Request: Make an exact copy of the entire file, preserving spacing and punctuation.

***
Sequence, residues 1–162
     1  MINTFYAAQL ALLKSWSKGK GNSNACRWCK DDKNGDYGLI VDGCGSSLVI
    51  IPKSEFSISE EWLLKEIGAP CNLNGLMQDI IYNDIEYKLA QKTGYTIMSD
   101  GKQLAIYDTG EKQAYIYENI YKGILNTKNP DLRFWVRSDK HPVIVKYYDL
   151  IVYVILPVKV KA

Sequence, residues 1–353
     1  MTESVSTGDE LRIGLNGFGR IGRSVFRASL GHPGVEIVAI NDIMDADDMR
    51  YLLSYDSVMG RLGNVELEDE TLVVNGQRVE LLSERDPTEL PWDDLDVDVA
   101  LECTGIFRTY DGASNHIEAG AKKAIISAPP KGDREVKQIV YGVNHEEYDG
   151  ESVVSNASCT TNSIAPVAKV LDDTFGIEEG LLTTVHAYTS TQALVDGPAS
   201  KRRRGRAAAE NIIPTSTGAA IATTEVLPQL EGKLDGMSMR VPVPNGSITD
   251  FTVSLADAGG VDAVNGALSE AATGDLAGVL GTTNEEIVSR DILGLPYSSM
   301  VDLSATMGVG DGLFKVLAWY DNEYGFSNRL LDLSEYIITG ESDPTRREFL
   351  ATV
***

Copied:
Sequence, residues 1–162
     1  MINTFYAAQL ALLKSWSKGK GNSNACRWCK DDKNGDYGLI VDGCGSSLVI
    51  IPKSEFSISE EWLLKEIGAP CNLNGLMQDI IYNDIEYKLA QKTGYTIMSD
   101  GKQLAIYDTG EKQAYIYENI YKGILNTKNP DLRFWVRSDK HPVIVKYYDL
   151  IVYVILPVKV KA

Sequence, residues 1–353
     1  MTESVSTGDE LRIGLNGFGR IGRSVFRASL GHPGVEIVAI NDIMDADDMR
    51  YLLSYDSVMG RLGNVELEDE TLVVNGQRVE LLSERDPTEL PWDDLDVDVA
   101  LECTGIFRTY DGASNHIEAG AKKAIISAPP KGDREVKQIV YGVNHEEYDG
   151  ESVVSNASCT TNSIAPVAKV LDDTFGIEEG LLTTVHAYTS TQALVDGPAS
   201  KRRRGRAAAE NIIPTSTGAA IATTEVLPQL EGKLDGMSMR VPVPNGSITD
   251  FTVSLADAGG VDAVNGALSE AATGDLAGVL GTTNEEIVSR DILGLPYSSM
   301  VDLSATMGVG DGLFKVLAWY DNEYGFSNRL LDLSEYIITG ESDPTRREFL
   351  ATV